Goodwin, Arthur H.; Foss, Robert D.
Journal of Safety Research
This study examined the extent to which critical restrictions in North Carolina's graduated driver licensing (GDL) system are known, adhered to, and enforced.Method:
Teenagers and their parents were recruited as they applied for either an intermediate or full license at 1 of 23 licensing offices. Telephone interviews were conducted with 900 teenagers and their parents.Results:
Awareness of North Carolina's night and passenger restrictions was very high among both parents and teenagers. Ten percent of teenagers reported violating the night restriction without their parents' knowledge, and 15% had done so with their parents' approval. Only 4% of parents reported allowing their teenagers to drive with more than one teenage passenger, but 19% of teenagers reported that they were allowed to do this. Violations of the passenger restriction without parental knowledge were more common than violations of the night restriction (22% vs. 10%, respectively). Among teenagers who violated restrictions without their parents' knowledge, most reported doing so only once or a few times. Teenagers expressed little concern about detection, although a majority reported driving more carefully to avoid police notice. Neither parents nor teenagers knew much about police enforcement of GDL restrictions. To obtain a sense of the views of law enforcement officers, informal interviews were conducted with 20 officers from five diverse communities and the state highway patrol. These officers were highly supportive of GDL but unfamiliar with many of the specific provisions. Moreover, enforcement of GDL restrictions did not appear to be a high priority.Impact on industry:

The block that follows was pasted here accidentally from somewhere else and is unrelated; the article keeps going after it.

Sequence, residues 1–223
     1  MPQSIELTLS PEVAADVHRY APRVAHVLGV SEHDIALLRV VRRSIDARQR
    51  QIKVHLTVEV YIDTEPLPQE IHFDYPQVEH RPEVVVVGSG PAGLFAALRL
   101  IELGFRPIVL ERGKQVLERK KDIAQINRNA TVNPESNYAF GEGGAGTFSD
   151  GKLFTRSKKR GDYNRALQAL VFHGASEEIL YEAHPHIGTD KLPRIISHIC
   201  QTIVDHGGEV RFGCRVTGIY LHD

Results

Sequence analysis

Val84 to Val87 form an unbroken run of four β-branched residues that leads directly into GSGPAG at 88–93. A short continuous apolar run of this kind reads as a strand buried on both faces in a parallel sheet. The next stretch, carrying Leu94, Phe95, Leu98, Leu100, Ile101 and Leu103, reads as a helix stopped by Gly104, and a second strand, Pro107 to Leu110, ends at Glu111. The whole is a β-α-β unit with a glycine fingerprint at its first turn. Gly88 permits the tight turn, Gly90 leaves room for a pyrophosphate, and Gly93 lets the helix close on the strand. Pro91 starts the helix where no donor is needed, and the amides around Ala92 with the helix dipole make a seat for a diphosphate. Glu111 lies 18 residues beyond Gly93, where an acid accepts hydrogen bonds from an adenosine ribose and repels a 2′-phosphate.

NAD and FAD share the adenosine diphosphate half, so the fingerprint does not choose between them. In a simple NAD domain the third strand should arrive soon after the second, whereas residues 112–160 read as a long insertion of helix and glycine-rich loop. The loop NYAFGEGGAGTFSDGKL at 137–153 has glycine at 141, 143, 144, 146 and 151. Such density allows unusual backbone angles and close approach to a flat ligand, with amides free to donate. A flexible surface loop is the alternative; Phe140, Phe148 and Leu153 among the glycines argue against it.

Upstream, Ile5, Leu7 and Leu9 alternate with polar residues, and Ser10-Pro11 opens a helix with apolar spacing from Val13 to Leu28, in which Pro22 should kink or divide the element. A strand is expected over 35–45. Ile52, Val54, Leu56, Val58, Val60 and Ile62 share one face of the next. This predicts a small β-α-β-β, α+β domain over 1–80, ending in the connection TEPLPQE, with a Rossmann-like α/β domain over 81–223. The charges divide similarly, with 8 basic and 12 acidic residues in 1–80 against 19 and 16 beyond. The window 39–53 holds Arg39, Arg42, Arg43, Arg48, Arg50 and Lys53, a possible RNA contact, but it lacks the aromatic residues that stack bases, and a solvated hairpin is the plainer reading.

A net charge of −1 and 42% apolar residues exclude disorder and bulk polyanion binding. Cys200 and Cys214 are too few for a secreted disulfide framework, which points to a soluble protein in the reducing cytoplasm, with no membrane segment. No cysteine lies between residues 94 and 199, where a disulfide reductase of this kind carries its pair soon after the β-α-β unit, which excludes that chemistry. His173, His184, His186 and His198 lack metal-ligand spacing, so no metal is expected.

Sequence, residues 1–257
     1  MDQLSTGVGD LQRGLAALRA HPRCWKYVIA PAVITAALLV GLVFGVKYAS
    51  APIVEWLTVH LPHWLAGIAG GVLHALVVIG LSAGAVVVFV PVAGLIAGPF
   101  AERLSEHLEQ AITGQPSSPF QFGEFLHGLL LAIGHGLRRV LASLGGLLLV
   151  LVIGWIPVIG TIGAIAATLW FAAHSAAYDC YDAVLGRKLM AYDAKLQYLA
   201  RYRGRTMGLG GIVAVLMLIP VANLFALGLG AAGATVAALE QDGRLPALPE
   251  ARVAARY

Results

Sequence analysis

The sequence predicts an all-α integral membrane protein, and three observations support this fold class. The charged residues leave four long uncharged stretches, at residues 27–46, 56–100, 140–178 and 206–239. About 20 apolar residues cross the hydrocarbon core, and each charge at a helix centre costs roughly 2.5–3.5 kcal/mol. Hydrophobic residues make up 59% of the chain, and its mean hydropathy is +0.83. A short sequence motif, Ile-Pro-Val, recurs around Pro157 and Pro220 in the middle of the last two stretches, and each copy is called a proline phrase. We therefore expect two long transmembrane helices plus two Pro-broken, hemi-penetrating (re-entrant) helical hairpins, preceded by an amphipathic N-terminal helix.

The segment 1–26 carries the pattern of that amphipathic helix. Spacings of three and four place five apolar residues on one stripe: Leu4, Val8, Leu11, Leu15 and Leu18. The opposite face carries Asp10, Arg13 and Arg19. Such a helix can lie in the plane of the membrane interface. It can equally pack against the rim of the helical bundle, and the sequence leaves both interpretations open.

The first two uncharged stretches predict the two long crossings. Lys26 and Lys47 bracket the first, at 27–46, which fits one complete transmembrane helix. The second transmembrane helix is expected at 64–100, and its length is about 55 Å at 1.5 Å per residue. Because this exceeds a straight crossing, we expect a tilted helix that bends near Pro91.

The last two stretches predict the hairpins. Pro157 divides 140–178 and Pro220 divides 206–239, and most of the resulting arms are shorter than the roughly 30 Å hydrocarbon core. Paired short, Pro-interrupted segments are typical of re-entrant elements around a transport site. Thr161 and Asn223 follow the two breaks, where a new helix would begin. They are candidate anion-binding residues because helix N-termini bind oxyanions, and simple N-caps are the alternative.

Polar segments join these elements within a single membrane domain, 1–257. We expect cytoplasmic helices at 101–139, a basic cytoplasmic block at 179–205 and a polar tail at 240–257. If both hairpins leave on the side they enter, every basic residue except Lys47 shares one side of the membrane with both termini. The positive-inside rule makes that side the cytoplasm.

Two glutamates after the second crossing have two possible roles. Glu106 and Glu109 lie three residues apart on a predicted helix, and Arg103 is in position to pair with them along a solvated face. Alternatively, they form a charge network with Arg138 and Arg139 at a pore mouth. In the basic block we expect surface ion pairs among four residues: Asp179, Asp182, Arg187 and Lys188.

There is a need to increase the belief among teens (and parents) that police are enforcing GDL restrictions in their community; law enforcement participation in well-publicized traffic safety enforcement efforts would likely produce this result.